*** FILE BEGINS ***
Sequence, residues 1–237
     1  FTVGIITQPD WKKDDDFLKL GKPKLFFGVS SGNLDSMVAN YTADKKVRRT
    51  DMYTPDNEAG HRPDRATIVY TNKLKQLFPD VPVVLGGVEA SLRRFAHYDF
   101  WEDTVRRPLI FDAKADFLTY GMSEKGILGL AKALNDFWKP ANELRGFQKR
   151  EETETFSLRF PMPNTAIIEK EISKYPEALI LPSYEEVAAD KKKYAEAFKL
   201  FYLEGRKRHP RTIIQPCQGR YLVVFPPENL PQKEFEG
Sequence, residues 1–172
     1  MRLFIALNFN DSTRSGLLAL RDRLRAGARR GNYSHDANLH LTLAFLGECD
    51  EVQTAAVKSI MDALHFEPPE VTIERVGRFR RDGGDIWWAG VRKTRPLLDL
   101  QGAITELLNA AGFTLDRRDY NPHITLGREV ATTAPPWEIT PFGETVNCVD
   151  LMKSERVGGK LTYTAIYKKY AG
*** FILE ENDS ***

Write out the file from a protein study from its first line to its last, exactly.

Sequence, residues 1–237
     1  FTVGIITQPD WKKDDDFLKL GKPKLFFGVS SGNLDSMVAN YTADKKVRRT
    51  DMYTPDNEAG HRPDRATIVY TNKLKQLFPD VPVVLGGVEA SLRRFAHYDF
   101  WEDTVRRPLI FDAKADFLTY GMSEKGILGL AKALNDFWKP ANELRGFQKR
   151  EETETFSLRF PMPNTAIIEK EISKYPEALI LPSYEEVAAD KKKYAEAFKL
   201  FYLEGRKRHP RTIIQPCQGR YLVVFPPENL PQKEFEG
Sequence, residues 1–172
     1  MRLFIALNFN DSTRSGLLAL RDRLRAGARR GNYSHDANLH LTLAFLGECD
    51  EVQTAAVKSI MDALHFEPPE VTIERVGRFR RDGGDIWWAG VRKTRPLLDL
   101  QGAITELLNA AGFTLDRRDY NPHITLGREV ATTAPPWEIT PFGETVNCVD
   151  LMKSERVGGK LTYTAIYKKY AG